What is Open Access?

It doesn't cost us anything to achieve open access. Open access is therefore making the most of our rights as authors.Associate Professor Alysia Blackham, Melbourne Law School, The University of Melbourne

Open access (OA) is the term applied to research outputs such as journal articles, monographs, and book chapters, that have been made open to everyone. Making your research publications freely available has many benefits, including:

  • A wider audience can access your work, including policy makers, practitioners, the public, and researchers who have limited access to subscription databases;
  • As an author, if you publish OA you typically retain copyright to your work and the rights to reuse; and
  • Studies (most notably Piwowar et al 2018) and resources (COKI Open Access Dashboard) indicate a citation and re-use advantage to open publishing​ compared with closed publishing.

​It is important to plan OA publishing early so you can consider the different factors that will impact on your choice of publication outlet and publisher. Ask questions such as:

  • Is there an appropriate journal in your research area?
  • Is there a fee associated with publishing the article, chapter or book OA?
  • If the publisher route to OA is not feasible, does the publisher allow you to upload versions of your work to an institutional repository? What are the embargo periods? And would this allow you to fulfil any funder OA requirements your work is subject to?

Learn about Associate Professor Alysia Blackham's experience in negotiating with publishers to disseminate more research open access through our institutional repository, Minerva Access.

Types of open access publishing

There are three main open access (OA) publishing models: repository OA; OA journals, books, and proceedings; and hybrid publishing.​

If you choose to publish behind a paywall, it is still possible to make that research OA through use of a repository. This is achieved by making the Accepted Manuscript (AMInfographic about Minerva Access, sometimes referred to as a post-print) available via an institutional or subject repository.​

University of Melbourne researchers are encouraged to deposit their research outputs into Minerva Access (via their Elements account). Minerva Access allows people to discover your research via Google, Google Scholar and other library catalogues. The Minerva Access team will confirm publisher policies before making any file uploaded publicly available.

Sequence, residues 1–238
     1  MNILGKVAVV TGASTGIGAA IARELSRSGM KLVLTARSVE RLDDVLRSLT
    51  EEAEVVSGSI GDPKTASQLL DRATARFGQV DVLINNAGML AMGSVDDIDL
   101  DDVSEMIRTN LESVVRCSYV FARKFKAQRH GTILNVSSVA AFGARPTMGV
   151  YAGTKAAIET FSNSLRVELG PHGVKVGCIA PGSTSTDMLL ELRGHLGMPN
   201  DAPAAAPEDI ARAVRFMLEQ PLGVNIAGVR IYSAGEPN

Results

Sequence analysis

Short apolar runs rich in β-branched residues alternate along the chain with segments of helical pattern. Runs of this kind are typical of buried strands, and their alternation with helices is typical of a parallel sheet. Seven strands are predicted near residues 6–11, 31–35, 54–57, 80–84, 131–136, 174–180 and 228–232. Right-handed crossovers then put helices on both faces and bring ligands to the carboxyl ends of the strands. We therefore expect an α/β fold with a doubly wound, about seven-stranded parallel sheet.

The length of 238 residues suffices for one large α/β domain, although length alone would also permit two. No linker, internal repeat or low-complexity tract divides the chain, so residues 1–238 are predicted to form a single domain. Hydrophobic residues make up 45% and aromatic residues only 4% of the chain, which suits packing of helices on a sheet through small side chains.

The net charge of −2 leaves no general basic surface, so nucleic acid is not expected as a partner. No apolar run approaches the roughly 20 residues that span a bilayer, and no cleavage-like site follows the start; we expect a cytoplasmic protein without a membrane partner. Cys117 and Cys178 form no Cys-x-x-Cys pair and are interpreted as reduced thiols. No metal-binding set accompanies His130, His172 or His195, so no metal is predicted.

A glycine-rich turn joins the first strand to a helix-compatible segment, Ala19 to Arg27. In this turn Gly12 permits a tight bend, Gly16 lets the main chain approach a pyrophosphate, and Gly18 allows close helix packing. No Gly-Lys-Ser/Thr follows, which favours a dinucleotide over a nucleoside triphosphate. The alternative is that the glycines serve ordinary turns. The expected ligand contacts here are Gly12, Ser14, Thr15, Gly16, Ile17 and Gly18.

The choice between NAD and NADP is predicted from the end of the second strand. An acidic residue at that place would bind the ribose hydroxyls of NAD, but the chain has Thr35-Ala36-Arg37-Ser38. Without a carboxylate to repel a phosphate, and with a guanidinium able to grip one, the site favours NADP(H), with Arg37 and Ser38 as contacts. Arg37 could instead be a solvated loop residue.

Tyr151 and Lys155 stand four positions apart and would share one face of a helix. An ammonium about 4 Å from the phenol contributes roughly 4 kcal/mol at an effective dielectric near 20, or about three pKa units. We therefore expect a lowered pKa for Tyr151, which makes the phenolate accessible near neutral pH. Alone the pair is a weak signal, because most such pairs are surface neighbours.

A benefit of this approach is that there is no financial cost to the author. However, there are limitations to this method. Many publishers impose an embargo period, often between six months to two years, though this can be longer. This also relies on the authors depositing the AM into a suitable repository​.

Further support

​For more information on OA via repositories see the Open Research LibGuide

To discuss subject or institutional repositories please make an appointment with your School Librarian.

Sometimes referred to as 'Gold OA', this covers journals or publishers wherein all content is open access from the date of publication. With this mode of publishing the author may have to pay an article or book processing charge (APC/BPC), though that is not always the case. Of the 15,000+ journals in The Directory of Open Access Journals (DOAJ), over 11,000 do not charge an APC. Publishing in an OA journal or with an OA publisher typically allows the author to retain copyright and release the work under a Creative Commons license.

Further support

​For more information on this OA publishing model see the Open Research LibGuide

To discuss pursuing Gold OA publishing please make an appointment with your School Librarian.

Hybrid publishing refers to the publishing model where, by default, articles and book chapters are published behind a paywall, however an author can choose to make their own publication open access by paying an article processing charge (APC).

This publishing model is gradually being phased out due to criticism of ‘double dipping’ as the publisher receives payments from libraries paying a subscription and individual authors paying APCs. Instead, publishers are looking to transition journals from paid-access to fully open access over a set period of time.

The University of Melbourne wishes to limit expenditure on paid open access models where we already have a subscription to the same journals (hybrid journals) and discourages authors from paying APCs to make outputs open access in hybrid journals. Researchers who wish to publish in subscription journals can make their work openly accessible through the deposit of a copy of their work in the institutional repository, Minerva Access.​

Further support

​For more information on hybrid publishing models, see the Open Research LibGuide

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